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BiDiNG TiME (Remix) - Louise Quinn and Pippa Bailey Go Global

When Louise Quinn found herself in a meeting with twenty people to 
discuss what sort of training shoes she should be wearing, she 
recognised something was amiss. That was when Quinn was fronting the 
band, Hardbody, the 1990s near misses whose major label masters 
instigated such a meeting.

Such an absurd con-flab may have fed into the narrative for the video 
that accompanied The Glimmer Song, a single by Quinn’s current combo, 
the eponymously inclined A Band Called Quinn. In the video, Quinn and 
the band are brought to life by some evil puppet-master who puts them 
in a toy theatre where they’re forced to perform as he sees fit. This 
in turn may have informed BiDiNG TiMe (Remix), Quinn’s version of a 
play written by Australian auteur Pippa Bailey, which Quinn performs at 
The Arches in Glasgow this weekend for one night only.

BiDiNG TiME charts the rise and fall of Thyme, a young woman chasing 
love and fame in a man's world. Where Bailey's original version, first 
performed twenty-five years ago, looked at Thyme's situation from the 
perspective of an actress, Quinn's remix of the play puts her 
first-hand experiences of music business  peccadilloes very much to the 
fore.

“It’s my mid-life crisis project,” Bailey says of BiDiNG TiME, “and 
there’s no shame in that, but I didn’t just want to go back to the 
story, but to look at the whole theatre system and the way it is made. 
There is an economic crisis and an environmental crisis going on, but I 
wanted to look at the role of theatre in that and the role of women 
within that. If all the world’s a stage, if we want to change the 
world, what does that mean for theatre?”

Bailey’s solution after a quarter of a century running arts centres and 
alternative museums was not just to revisit BiDiNG TiME, but to offer 
it out to anyone to do with as they wish. With Grid Iron director Ben 
Harrison having already read Bailey's script, once Quinn discovered it, 
the meeting of minds and ideas proved irresistible to all parties.

“Within fifteen minutes of meeting Pippa I recognised that we’d both 
had that similar brush with the big time, but that we were still doing 
it,” says Quinn. “I thought the original play was great, but I thought 
we could make it darker and more multi-media based, and that I could 
put in my own experience in the music industry. It was a really great 
catalyst to create the show. That over-arching theme of fame and women 
in the entertainment industry is so potent today in the celebrity-based 
culture we live in.”

Quinn is a natural fit for BiDiNG TiME (Remix). As the video for The 
Glimmer Song illustrates, there has long been an inherent theatricality 
to A Band Called Quinn’s oeuvre. This was  borne in part from her drama 
school training at the Royal Conservatoire in Glasgow and stints with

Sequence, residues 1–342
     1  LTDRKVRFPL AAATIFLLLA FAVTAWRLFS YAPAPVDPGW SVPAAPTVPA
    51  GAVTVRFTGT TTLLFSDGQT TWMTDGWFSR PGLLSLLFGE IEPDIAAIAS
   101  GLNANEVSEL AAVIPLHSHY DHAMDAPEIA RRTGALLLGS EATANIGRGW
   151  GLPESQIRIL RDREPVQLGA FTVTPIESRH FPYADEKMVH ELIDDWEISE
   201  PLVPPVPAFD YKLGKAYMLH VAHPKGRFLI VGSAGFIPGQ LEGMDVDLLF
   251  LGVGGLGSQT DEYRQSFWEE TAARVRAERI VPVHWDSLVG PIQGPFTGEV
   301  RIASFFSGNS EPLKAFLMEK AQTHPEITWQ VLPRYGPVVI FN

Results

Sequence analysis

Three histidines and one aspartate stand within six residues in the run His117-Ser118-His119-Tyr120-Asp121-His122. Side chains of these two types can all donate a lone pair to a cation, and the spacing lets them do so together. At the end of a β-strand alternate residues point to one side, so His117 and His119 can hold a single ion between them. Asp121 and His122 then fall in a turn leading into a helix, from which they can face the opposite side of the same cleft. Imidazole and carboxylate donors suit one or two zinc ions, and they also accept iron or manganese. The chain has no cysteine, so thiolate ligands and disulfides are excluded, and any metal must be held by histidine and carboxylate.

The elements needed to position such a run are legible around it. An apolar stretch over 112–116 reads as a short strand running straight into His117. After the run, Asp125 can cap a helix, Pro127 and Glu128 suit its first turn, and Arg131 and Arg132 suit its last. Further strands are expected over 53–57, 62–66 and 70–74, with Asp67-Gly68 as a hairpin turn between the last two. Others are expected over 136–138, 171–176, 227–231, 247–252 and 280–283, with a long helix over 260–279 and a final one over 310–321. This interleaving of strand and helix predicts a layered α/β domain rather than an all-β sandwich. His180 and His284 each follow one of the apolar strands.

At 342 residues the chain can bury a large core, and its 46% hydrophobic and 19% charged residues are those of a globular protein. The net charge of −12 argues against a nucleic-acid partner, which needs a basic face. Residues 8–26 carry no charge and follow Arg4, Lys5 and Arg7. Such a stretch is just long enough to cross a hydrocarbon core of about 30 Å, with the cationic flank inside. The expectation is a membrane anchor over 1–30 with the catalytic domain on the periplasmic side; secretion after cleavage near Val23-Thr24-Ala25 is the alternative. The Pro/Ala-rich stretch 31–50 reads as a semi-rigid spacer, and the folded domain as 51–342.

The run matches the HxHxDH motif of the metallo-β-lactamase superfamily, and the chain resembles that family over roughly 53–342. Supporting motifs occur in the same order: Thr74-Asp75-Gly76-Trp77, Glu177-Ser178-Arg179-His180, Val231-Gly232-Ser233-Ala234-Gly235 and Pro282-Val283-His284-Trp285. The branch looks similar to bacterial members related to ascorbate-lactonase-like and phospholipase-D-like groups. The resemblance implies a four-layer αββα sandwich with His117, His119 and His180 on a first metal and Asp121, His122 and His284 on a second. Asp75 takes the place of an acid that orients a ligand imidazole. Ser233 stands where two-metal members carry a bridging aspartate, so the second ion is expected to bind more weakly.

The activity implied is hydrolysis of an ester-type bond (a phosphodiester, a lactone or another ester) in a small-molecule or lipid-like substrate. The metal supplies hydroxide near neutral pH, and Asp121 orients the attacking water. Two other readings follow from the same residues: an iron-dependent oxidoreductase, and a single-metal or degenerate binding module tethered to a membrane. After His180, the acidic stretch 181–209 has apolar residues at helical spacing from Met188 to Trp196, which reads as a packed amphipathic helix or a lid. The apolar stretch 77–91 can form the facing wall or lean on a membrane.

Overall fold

left-field theatre company, Mischief La Bas. It was only fully on 
capitalised on when A Band Called Quinn took part in Vanishing Point’s 
radical and audaciously dystopian take on The Beggar’s Opera on the 
main stage of the Royal Lyceum Theatre in Edinburgh. BiDiNG TiME brings 
together all of Quinn's creative worlds in close-up.

“The characters are composites of people we knew in the music 
industry,” she says, “and some of the lines are things that they 
actually said. These people were disconnected from my reality and other 
people’s reality. From the outside people only see the glitz and the 
glamour of the music industry, but it’s really quite a cold, grey 
place.”

BiDiNG TiME has already made connections across the world, with artists 
in Iran, Australia and India remaking the story of Thyme in their own 
image. Closer to home, Bailey has worked with kindred spirits such as 
Little Bulb, and has presented related events at the bongo Club in 
Edinburgh. This ties in with Bailey's notion of exploring space and 
location of where and how theatre is made. The result, while still in 
its early stages, has been the creation of a loose-knit global village 
exploring the ideas of Bailey's play in a more intimate, 
community-based environment.

“Rather than tour, I'm more interested in doing it locally,” bailey 
says. “That's something to do with the environmental agenda that's in 
the play, and doing it this way means we're no longer stuck in an 
existing hierarchy that's no longer useful to us. I think people are 
looking for something beyond cultural imperialism.”

With this in mind, the Arches show, directed by Harrison, is produced 
by Tromolo Productions, the company set up by Quinn which also releases 
her band's records. BiDiNG TiME (Remix), then, is about taking control 
on every level.

“How do you get new ideas out into the world?” asks Bailey. “You share 
it. Fundamentally this project is all about change. If somebody's 
interested in doing the play, then let them. See what they do with it, 
and make theatre more democratic.”

BiDiNG TiME (Remix), The Arches, Glasgow, October 6th
www.thearches.co.uk
www.tromoloproductions.com

The Herald, October 2nd 2012

ends

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